Introducing riders to theory can be complex and disconcerting for them, so I try to keep it simple. Oliver Wendell Holmes said, “I would give my life for the simplicity on the other side of complexity.” Later on, I introduce my riders to the German Training Scale (Rhythm, Relaxation, Connection, Impulsion, Straightness, Collection). But they can get confused, so at first I keep it simple: “calm, forward, straight.” It sounds simpler than the Training Scale, but when you study it in Academic Equitation by General Albert Eugène Édouard Decarpentry (1878–1956), it has a simplicity that is, as Holmes says, on the other side of complexity. Read Decarpentry, and you will understand what I mean.

Inside Leg and Outside Hand

In the meantime, what are we to do with all this theory we learn? Make a plan, that’s what; and that plan is, first, to improve the connection between your inside leg and your outside hand. Why start there? Because when you have your horse between your inside leg and outside hand, you have him between the accelerator and the brakes. Once you can control your horse’s direction and speed, you are well on your way to improving him because the inside leg–outside rein connection is the key to the kingdom of your horse’s power and athleticism.

To first teach, and then improve, this connection, we need exercises. Fortunately, our studies of theory have provided them. The first exercise I want you to work on is turn on the forehand. After you warm up your horse by a few minutes of walk–trot–canter, walk down the long side of the arena on the left hand. I hope your horse is naturally “light to the leg.” If not, carry a dressage whip in the hand closest to the wall—in our present case, your right hand. Half way down the long side, halt. While keeping a light, consistent feel of your left rein (it will become the outside rein in an instant—outside the bending, not outside the arena), open your right rein by moving it away from your horse’s neck. If you make a mistake with your reins, drop the right contact once you have indicated open rein to your horse, don’t take more feel of the right rein. Be very clear with both your leg and hand aids, and at all costs avoid “clashing” your aids (kicking and pulling at the same time).

Turns on the forehand can be performed either from the walk or the halt. At first, I prefer starting the movement from the halt because it is easier for my students to balance their aids. Once your horse is standing quietly at the halt on the left hand, open your right rein while maintaining a direct connection with the left rein. Move your right leg into the third leg position as indicated in the sidebar on page 23, behind the girth. Your right leg will cause your horse to move his hindquarters to the inside of the arena, while your left rein prevents him from walking away from the place of the exercise. This is an important, “teachable” moment. You are, perhaps for the first time, balancing your horse between the accelerator and the brakes. This is the beginning of collection, although the completely trained horse is still far down the road.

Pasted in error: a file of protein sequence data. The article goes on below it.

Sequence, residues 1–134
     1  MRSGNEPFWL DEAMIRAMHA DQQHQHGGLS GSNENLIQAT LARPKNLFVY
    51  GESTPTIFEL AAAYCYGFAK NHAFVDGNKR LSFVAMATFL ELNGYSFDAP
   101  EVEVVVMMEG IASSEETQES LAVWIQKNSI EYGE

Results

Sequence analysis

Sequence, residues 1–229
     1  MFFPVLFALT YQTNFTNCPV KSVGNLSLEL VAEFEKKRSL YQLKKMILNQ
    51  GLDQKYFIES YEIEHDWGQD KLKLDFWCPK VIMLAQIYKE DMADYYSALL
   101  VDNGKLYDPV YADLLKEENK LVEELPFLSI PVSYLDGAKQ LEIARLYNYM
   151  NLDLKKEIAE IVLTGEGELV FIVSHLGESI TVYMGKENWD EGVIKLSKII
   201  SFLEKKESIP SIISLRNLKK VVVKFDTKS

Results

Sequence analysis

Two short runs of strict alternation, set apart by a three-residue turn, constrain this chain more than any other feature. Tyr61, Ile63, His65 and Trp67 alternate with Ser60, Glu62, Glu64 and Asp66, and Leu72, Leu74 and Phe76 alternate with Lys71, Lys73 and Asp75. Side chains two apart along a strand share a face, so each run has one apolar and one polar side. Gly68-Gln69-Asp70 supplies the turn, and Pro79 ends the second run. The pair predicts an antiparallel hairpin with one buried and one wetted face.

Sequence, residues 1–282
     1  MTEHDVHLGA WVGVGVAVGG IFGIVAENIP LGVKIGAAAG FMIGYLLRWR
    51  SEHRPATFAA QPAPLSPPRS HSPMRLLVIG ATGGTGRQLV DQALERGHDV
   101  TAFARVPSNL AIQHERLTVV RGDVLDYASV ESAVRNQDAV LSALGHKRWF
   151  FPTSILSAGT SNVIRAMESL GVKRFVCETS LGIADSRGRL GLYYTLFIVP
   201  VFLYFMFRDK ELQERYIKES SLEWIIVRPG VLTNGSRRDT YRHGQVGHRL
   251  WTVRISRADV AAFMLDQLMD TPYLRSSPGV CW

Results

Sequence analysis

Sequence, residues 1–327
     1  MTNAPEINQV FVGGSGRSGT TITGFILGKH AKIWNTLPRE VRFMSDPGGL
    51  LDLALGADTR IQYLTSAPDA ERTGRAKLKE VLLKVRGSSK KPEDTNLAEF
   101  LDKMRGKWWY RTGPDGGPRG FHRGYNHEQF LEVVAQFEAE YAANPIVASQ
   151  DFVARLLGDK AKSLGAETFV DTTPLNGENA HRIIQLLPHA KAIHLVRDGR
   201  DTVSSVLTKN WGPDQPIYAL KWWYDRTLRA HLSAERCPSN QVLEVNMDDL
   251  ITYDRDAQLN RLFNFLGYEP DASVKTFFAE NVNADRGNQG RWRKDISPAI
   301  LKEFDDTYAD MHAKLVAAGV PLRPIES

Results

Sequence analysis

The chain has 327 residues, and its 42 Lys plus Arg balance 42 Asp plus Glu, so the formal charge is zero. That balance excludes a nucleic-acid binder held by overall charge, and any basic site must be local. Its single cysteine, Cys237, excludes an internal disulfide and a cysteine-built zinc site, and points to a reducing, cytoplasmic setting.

Make sure your horse describes a larger half-circle to the left with his hindquarters than he does with his forehand, and at all times make sure he is walking in a free, flowing four-beat rhythm. This first lateral movement, and all the others I will teach my horses, are forward movements that happen to move laterally. The degree of bending (slight in the turn on the forehand and still slight for shoulder-in) becomes more pronounced in the haunches-in and two-track. Move forward first, then laterally. From this perspective, even the halt and the rein back are forward movements.

Once you are successful, move on for a few steps of posting trot before returning to walk and attempting a turn on the forehand in the other direction. You will notice your horse turns on the forehand more easily in one direction than the other. This is to be expected, and you will cure this imbalance with more work on the weak side than the strong side. Eventually, your horse will respond equally to your aids on both sides of his body and thus will seek a balanced feel of the bit on both sides of his mouth. Once you have achieved this by using your increased knowledge of theory, you will be well on your way to producing a horse who is truly “calm, forward and straight.” As you’ll realize when you get acquainted with the great theoreticians, that is the beginning of everything.  

Leg and Rein Effects

Note that I spoke about your legs before considering the effects of your various rein aids. The legs create while the hands receive.

Leg Effects

1. Both legs on at the girth for impulsion

2. One leg at the girth for impulsion and/or bending

3. One leg behind the girth to control/displace the hindquarters

Rein Effects

1. Direct rein to control speed/impulsion

2. Open/leading rein to indicate direction

3. Neck/bearing rein to indicate direction

4. Indirect rein in front of the withers to affect the horse’s neck in front of the withers

5. Indirect rein behind the withers to affect the horse’s body behind the withers

About Jim Wofford

Based at Fox Covert Farm, in ­Upperville, Virginia, Jim Wofford competed in three Olympics and two World Championships and won the U.S. National Championship five times. He is also a highly respected coach. For more on Jim, go to

This article originally appeared in the Spring 2021 issue of Practical Horseman.